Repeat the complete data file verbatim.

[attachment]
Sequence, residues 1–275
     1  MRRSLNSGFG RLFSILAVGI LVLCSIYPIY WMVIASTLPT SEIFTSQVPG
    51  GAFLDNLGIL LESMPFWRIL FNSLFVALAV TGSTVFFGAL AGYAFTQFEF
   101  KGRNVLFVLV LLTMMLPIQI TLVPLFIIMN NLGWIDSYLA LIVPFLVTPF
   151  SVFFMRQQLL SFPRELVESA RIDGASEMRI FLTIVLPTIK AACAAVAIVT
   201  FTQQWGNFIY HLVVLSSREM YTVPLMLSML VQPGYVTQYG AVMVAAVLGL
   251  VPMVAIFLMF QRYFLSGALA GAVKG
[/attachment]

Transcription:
Sequence, residues 1–275
     1  MRRSLNSGFG RLFSILAVGI LVLCSIYPIY WMVIASTLPT SEIFTSQVPG
    51  GAFLDNLGIL LESMPFWRIL FNSLFVALAV TGSTVFFGAL AGYAFTQFEF
   101  KGRNVLFVLV LLTMMLPIQI TLVPLFIIMN NLGWIDSYLA LIVPFLVTPF
   151  SVFFMRQQLL SFPRELVESA RIDGASEMRI FLTIVLPTIK AACAAVAIVT
   201  FTQQWGNFIY HLVVLSSREM YTVPLMLSML VQPGYVTQYG AVMVAAVLGL
   251  VPMVAIFLMF QRYFLSGALA GAVKG